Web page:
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So this is a two part problem.

I was following directions trying to install some software and I misunderstood a poorly written segment of the installation instructions.

This led to me deleting my System Path rather than adding onto the end of it.

In an attempt to get it back I tried to follow these directions off of this website.

You can mount the old version of the registry. 
1.Open Regedit 

User:
 2. Select HKEY_USERS
 3. File->Load Hive
 4. Navigate to your user folder, click the little button to the right of "Open" for "Show Previous Versions"
 5. Select appropriate revision
 6. Select NTUSER.DAT
 7. Give it a name (e.g. "Old")
 8. Navigate to "Old"\Environment

System:
 2. Select HKEY_LOCAL_MACHINE
 3. File->Load Hive
 4. Navigate to your C:\Windows\System32\config\RegBack, click the little button to the right of "Open" for "Show Previous Versions"
 5. Select appropriate revision
 6. Select SYSTEM.OLD
 7. Give it a name (e.g. "Old")
 8. Navigate to "Old"\ControlSet001\Control\Session Manager\Environment

Note that for System, depending on how long ago this was, you can just go back into HKLM\(old control set version)\Control\Session Manager\Environment without loading an old hive, but this is a generally useful way to apply "Restore Previous Versions" to the registry.

What this reletively hard to understand piece of advice led me to do was accidentally change the name of a subfolder in my HKEY_USERS folder within my registry. (Using regedit) I need to get my system path back the way it was, but now I CANT system restore, I think because I broke something in the registry. So, if Im assuming correctly that my messed up registry folder is the culprit behind my inability to restore back to an earlier point, how can I fix my misnamed registry folder?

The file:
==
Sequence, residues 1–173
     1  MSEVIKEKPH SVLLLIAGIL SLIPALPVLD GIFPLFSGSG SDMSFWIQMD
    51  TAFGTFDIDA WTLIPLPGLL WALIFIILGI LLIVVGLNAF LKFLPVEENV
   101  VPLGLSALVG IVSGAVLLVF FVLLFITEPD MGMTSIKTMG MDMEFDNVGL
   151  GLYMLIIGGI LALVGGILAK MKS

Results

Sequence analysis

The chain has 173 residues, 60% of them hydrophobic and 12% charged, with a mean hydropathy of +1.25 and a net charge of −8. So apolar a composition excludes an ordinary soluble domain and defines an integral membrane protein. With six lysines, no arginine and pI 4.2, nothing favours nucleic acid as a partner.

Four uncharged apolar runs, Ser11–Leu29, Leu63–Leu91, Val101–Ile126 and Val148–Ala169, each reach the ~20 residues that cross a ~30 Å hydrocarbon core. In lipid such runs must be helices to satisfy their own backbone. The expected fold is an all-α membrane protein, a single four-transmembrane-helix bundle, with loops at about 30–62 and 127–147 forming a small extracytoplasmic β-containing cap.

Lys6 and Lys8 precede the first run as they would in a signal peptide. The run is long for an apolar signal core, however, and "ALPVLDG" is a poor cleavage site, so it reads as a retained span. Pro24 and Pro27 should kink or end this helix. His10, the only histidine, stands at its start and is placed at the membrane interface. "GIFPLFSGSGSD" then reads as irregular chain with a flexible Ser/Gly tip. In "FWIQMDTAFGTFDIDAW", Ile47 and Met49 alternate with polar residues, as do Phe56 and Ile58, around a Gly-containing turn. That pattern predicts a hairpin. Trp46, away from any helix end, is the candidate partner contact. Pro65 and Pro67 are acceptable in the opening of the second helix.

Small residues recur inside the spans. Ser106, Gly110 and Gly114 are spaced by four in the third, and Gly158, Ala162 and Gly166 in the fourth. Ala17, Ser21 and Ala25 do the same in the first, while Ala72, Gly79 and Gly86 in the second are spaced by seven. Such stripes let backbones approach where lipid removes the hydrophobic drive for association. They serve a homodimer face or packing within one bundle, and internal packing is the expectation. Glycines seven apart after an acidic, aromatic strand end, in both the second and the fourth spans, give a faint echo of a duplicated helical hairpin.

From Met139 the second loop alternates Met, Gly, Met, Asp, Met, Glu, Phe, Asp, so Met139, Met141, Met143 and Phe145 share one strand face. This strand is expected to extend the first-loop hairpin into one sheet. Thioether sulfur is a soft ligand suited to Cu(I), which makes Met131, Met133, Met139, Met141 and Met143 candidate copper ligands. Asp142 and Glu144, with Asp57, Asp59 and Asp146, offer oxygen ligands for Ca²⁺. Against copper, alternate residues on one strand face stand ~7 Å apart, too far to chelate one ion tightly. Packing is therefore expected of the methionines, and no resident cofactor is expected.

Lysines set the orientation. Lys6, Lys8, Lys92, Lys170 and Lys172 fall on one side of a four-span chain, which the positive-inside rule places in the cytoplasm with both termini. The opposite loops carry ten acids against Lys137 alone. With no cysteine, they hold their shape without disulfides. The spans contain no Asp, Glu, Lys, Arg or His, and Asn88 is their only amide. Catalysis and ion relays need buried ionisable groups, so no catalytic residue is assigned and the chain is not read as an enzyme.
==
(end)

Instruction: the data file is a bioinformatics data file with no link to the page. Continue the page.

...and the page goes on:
The system restore error message reads as such:

"The system restore did not complete successfully. Your computer's system files and settings were not changed.

Details:

The writer experienced a non-transient error. If the backup process is retried, the error is likely to reoccur. (0x800423F4)"

Needless to say, I have tried a couple times, and with different restore points. No avail.

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If you can't use the system restore and can't boot to safe mode in order to reverse what you did then you are out of luck. –  Ramhound Apr 16 '13 at 10:44
1  
As you have found out, ALWAYS backup your registry before changing it. I agree with Ramhound, you may be out of luck. But, you could try an repair installation of Windows. –  CharlieRB Apr 16 '13 at 11:35
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1 Answer

Get a windows install disc and boot to recovery mode (in XP) Windows 7 install disc->Select US->English and repair

You can download a trial Windows 7 here: http://techdows.com/2011/07/download-windows-7-integrated-with-sp1-iso-official-direct-download-links.html

From Windows 7 repair select command prompt

c:
cd \system Volume Information
dir
or dir /ah
there should be a folder like _restore{  crazy hex number  }
cd _restore{   crazy hex number  }
dir
you should see many folders that start with RP#### and each one is a restore point
each one has a backup copy of the registry.
there is another folder they are hiding inside(SNAPSHOT)(I think).

copy _REGISTRY_MACHINE_SYSTEM  to c:\windows\system32\config\SYSTEM

and report the results.
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